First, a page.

When Jesus is put on trial by the high priest, Caiaphas, and his ruling council, the Sanhedrin, in Mark 14:53-65, Mark notes that many witnesses brought trumped-up charges against Jesus. Nevertheless, none of the witnesses agreed about what Jesus did wrong.
One charge, at least, was nearly true. As verse 58 indicates, some witnesses misheard or misinterpreted Jesus’ words (not found in Mark but in John 2:19): “Destroy this temple and in three days I’ll raise it up.” The witnesses reported that Jesus said that he would destroy the temple and raise it up in three days. (Oh, the days before video!) Still, Mark says, even these testimonies didn’t agree about what Jesus said.
According to Deuteronomy 19:15, the Sanhedrin shouldn’t have been able to convict on this basis.
Finally, Caiaphas asks, “Are you the Christ, the Son of the Blessed One?” Jesus replies, “I am. And you will see the Son of Man sitting at the right hand of the Mighty One and coming on the clouds of heaven.” And with that, Caiaphas believes that he has what he needs. Jesus, he says, has blasphemed.
From what I’ve read, it wasn’t blasphemous for Jesus to claim to be the Messiah (which is what “Christ” means). Jesus would be mistaken or deluded, his critics would say, but he wouldn’t be guilty of blasphemy.
In his book 24 Hours That Changed the World, Adam Hamilton asserts that Jesus’ first sentence tipped Caiaphas off: “I am.” Here, Hamilton says, Jesus was identifying himself with God’s name as given to Moses in Exodus 3:14. Many other commentators have made this connection. It’s an intriguing possibility, but it feels like a stretch to me. Would Caiaphas have heard that allusion in Jesus’ answer? Isn’t “I am” a straightforward answer to Caiaphas’s question?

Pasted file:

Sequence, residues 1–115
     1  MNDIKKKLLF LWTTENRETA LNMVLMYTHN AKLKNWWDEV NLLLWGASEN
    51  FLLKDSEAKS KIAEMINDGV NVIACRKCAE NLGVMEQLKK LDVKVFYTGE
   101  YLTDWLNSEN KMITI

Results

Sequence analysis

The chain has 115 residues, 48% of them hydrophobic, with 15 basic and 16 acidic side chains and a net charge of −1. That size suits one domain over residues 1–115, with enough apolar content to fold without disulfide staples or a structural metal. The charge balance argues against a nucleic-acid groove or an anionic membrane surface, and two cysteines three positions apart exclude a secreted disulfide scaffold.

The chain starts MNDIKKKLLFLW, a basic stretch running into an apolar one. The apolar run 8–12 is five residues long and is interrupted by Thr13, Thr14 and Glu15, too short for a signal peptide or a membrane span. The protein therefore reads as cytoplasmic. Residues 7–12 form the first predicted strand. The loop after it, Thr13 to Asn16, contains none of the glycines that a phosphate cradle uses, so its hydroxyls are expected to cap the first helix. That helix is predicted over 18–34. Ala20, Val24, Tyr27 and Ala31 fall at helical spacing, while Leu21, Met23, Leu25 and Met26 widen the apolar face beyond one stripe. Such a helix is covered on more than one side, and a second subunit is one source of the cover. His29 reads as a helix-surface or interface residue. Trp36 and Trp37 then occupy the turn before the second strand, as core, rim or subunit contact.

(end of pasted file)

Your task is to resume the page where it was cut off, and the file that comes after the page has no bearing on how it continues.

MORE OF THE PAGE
Whatever. Let’s not miss the importance of this blasphemy charge. Caiaphas and the assembly clearly heard something in Jesus’ answer in v. 62 that was blasphemous. They believed Jesus was claiming something for himself—a uniquely intimate relationship with God—that no human being ought to claim for himself. That may not be a direct claim that Jesus was God, but it was close enough for the council to convict Jesus of blasphemy.
Here’s a question: Why did the high priest and the council turn Jesus over to the Romans? I’ve heard it said that only the Romans could execute someone, but that’s not true: In Acts 7, the Sanhedrin kills Stephen without any trouble. Why didn’t they do the same with Jesus? Why was it important for Rome to execute him for sedition rather than have the Sanhedrin execute him for blasphemy?
Did they not want blood on their hands in case Jesus’ followers rose up against them?
I honestly don’t know the answer. Do you? I’m not saying there isn’t a good answer, I just don’t know what it is. So help me out if you can!